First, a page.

“Lillac” by Luz Aguirre

from West Trade Review, Spring 2018, Vol. 9

For full interview see West Trade Review, Spring 2018, Vol. 9

http://www.westtradereview.com/subscription.html

Luz Aguirre graduated with a B.A. in English and creative writing from the University of Southern California. Her short story, “Entropy: A Brief History of the Undoing of the Universe,” won the Virginia C. Middleton prize for best fiction in her graduating class. She is currently a lawyer and lives in Los Angeles with her wife (Susan), their daughter (Eva), and their dog (Pablo Pavlov).

Lilac

By Luz Aguirre

“Is it a boy or a girl?”

they asked so they could assign

the proper agent to frisk you.

A miniature metal detector  passed

over your miniature body, scanned

for tiny guns and tiny box cutters.

You were eight months old,

getting tested for explosives,

and swabs of your hands, diaper, and bottles

dropped into a machine that mulled over

an unthinkable possibility: what if

you are a baby terrorist? Or a baby mule,

smuggling, scheming, paid in black market

breastmilk. What’s the going rate?

What are you hiding? Funny story,

the world you were born into.

I am trying to adopt you. The clerk wants me to explain,

in some bullshit declaration, your paternity, why

your mothers didn’t use a clinic to have you.

What is there to explain? You were conceived in love,

the space between suffering and joy, the unthinkable

thing machines cannot calculate and no doctor gave us.

How can I explain father-shaped silhouettes,

how I am your mother, too?

My eyes witnessed my wife, your mother, shuddering,

with all the pain creation demands, my hands

distracted her, calmed her, danced her, drove

her, held her, every day for a decade through

every dream and dread and as they had never

held anyone else before, woman about to fall

out of the world, caught you, girl falling into it,

cut you loose, named and bathed and dressed you—

not his eyes, not his hands, not his wife.

Yet you have, perhaps, his eyes, kind and free,

perhaps his gentle hands, unfurled easily, hiding

nothing. Perhaps they are your mother’s,

or perhaps even mine, mystery of a nurtured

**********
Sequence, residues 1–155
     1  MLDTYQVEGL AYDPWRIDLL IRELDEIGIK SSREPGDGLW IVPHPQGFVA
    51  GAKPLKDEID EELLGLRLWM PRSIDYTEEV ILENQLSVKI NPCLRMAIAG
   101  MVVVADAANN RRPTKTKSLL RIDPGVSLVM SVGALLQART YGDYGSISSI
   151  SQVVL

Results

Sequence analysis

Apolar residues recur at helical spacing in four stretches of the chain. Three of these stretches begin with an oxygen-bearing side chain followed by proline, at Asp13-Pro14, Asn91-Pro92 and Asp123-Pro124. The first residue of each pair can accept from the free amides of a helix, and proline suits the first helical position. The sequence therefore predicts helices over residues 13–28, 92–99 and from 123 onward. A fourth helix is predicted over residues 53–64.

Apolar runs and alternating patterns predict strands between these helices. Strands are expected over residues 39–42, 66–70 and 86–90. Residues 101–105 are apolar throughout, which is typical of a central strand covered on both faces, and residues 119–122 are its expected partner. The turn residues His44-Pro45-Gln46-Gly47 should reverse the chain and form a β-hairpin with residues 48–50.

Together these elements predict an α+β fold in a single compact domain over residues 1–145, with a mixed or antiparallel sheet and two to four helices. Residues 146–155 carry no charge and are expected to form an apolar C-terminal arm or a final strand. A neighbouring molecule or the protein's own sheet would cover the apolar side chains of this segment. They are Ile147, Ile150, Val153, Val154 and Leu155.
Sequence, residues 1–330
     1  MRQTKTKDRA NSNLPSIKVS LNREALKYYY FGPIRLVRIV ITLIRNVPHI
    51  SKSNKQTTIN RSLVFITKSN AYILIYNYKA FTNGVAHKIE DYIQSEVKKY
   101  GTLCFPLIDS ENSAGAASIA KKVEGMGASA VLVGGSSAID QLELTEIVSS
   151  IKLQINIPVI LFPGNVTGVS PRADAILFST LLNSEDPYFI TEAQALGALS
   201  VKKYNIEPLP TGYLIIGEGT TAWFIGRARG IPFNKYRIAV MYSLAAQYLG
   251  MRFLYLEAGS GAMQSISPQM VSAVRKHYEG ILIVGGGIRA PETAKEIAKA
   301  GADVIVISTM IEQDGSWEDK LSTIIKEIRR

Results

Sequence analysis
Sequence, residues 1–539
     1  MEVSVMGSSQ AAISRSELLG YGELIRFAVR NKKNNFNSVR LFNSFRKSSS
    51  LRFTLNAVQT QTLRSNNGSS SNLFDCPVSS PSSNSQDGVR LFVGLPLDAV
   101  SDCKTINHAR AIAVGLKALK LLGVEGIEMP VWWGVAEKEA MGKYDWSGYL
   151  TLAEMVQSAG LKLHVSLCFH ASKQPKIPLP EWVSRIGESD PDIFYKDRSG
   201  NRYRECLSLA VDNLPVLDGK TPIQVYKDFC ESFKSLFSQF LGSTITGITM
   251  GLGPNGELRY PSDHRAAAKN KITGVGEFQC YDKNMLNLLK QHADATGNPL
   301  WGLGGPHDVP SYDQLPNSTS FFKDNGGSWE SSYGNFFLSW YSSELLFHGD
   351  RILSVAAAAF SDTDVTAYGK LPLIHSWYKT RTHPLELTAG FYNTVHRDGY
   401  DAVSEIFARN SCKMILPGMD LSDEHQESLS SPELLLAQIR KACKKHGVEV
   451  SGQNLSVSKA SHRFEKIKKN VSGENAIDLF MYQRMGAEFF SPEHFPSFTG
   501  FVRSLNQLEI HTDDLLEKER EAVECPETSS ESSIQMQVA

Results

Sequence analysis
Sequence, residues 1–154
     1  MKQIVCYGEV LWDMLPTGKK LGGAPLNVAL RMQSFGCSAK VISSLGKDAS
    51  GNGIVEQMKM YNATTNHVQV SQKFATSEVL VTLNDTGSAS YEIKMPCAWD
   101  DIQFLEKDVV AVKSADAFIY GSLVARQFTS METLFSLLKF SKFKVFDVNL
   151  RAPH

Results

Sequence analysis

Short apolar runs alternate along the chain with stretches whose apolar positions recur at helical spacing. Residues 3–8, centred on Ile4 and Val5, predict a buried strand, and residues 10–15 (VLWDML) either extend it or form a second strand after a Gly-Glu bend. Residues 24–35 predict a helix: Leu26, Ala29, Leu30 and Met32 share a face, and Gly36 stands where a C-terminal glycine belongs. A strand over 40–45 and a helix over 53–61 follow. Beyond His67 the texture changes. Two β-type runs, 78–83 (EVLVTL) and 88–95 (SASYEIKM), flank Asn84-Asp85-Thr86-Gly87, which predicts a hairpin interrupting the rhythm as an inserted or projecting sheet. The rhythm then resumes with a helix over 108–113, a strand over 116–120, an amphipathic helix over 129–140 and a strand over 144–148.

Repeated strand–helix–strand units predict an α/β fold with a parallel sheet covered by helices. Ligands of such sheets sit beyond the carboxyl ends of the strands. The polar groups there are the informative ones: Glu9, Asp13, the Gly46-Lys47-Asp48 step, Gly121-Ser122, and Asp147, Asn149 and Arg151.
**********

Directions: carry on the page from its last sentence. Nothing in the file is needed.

likeness. I can’t tell any more

than I can tell by looking at a cloud

which mountains gave it wisp.

My family used to say “Blood

is thicker than water.” I am afraid: am I water

to you? When the world sees you with me, does it see water?

Does it want blood? Most days I know: you are my daughter.

Most days are whole days we believe in things,

warm shocks and echoes, wedding days suddenly

ours, or your birthday—you, suddenly ours!—days

holding live wires in tangled bundles, as many

as our arms could carry, no place to put them,

their natural containers plastered over long ago .

This is the deepest secret: blood isn’t the measure.

When you are old enough to weather heartbreak,

I will tell you how it felt, at last, to tire of denying

the moon, which dares remain even when no one

looks at it, then, after all that, to be asked why

not? over and over, and still not know how

to answer. When you are old enough

to weather heartbreak, I will show you

a YouTube video, in a museum,

where our country gurgles:

“Fuck you, fag-gots!”

“Jews will not replace us!” and “White

lives matter!” As if they don’t already.

Smiling and chanting and burning. So funny.

Today the sun was completely eclipsed.

We gawked at something we see every day

hiding furiously behind the other thing we see every day.

It is enough to sear corneas, to drive a seeing person mad.

Now that you are here I’m better at applying sunblock.

I never really had to use it. I burned once,

when I was eight years old, and spent a whole day in water

and desert sun. Once, your mother and I went to Mexico

and she asked me to help her with her back. Broken

windshield wipers would have done better. She was seared,

badly, other than the outline of my lazy hand, in negative.

I didn’t know what it was like to have white skin. I still don’t.

With you I won’t take any chances.

When we leave the house you are smeared,

every square inch, in sunblock. I wait. Let it absorb.

Cover. It is the only invisible shield I can give you.

Let it be thick. Let it work. Skin is a sorry shield. Beyond

sunburns I wonder: will you know the world as a white person

or not? Either way I hope you know you’re always enough.

Nobody has to burn, nothing has to bleed, to make that true.

Months ago all of Los Angeles and New York

shouted into an open wound: “Love, not hate,

makes America great!!!” The wound is:

hate made America, which was conceived in a bucket

of sick and avarice, in the space between suffering

and worse suffering, dark unthinkable machinations,

pain no doctor takes away. The wound is a place

where pastors forget what they were about to say.

When I was a baby my parents made a bronze

cast of my foot: fat, severed, out of context,

like a ghastly enclosure to a ransom note,

except heavy, resistant to time, memento

of the least important part of me. It looks dirtier

every year. They keep it in a box next to a dry black stone

in a ziplock bag that was my cord, another strange fossil.

Perhaps I’m being unfair—this means something

to them, but I have always hated bronze statues,

especially that one. First I think they are real people

then I realize they are not people and non-people

are so terrifying. The day after Charlottesville

your mother and I watched a musical.

Each of us in the audience that day was trying

to relearn something honest and obscure,

that we used to know how to do, that our bodies

might still know in spite of us. Each of us

was fumbling in the dark for something

that fell somewhere, trying to imagine

what it looked like and what it was called,

privately thumbing along shallow grooves

of memories, like being called “improbable,”

a word I didn’t know I needed, like the hour

I first believed, when history seemed an unbroken

record—when all of time was fresh pressed vinyl, ours

to remix at leisure—when everything alive was a beating